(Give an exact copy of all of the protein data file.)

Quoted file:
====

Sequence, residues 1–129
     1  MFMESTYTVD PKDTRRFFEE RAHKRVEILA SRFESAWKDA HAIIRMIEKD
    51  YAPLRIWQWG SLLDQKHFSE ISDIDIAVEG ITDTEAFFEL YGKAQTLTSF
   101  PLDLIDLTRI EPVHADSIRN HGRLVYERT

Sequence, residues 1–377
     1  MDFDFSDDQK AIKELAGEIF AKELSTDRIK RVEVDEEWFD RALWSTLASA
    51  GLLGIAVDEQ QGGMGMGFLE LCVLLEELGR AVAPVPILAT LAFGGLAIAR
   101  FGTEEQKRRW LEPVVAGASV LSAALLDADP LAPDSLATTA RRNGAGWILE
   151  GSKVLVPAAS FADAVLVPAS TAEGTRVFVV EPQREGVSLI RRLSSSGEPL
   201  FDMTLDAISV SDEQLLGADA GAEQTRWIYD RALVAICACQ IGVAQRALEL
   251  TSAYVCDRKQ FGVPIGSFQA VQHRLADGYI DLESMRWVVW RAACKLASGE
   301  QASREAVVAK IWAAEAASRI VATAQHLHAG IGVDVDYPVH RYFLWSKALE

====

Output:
Sequence, residues 1–129
     1  MFMESTYTVD PKDTRRFFEE RAHKRVEILA SRFESAWKDA HAIIRMIEKD
    51  YAPLRIWQWG SLLDQKHFSE ISDIDIAVEG ITDTEAFFEL YGKAQTLTSF
   101  PLDLIDLTRI EPVHADSIRN HGRLVYERT

Sequence, residues 1–377
     1  MDFDFSDDQK AIKELAGEIF AKELSTDRIK RVEVDEEWFD RALWSTLASA
    51  GLLGIAVDEQ QGGMGMGFLE LCVLLEELGR AVAPVPILAT LAFGGLAIAR
   101  FGTEEQKRRW LEPVVAGASV LSAALLDADP LAPDSLATTA RRNGAGWILE
   151  GSKVLVPAAS FADAVLVPAS TAEGTRVFVV EPQREGVSLI RRLSSSGEPL
   201  FDMTLDAISV SDEQLLGADA GAEQTRWIYD RALVAICACQ IGVAQRALEL
   251  TSAYVCDRKQ FGVPIGSFQA VQHRLADGYI DLESMRWVVW RAACKLASGE
   301  QASREAVVAK IWAAEAASRI VATAQHLHAG IGVDVDYPVH RYFLWSKALE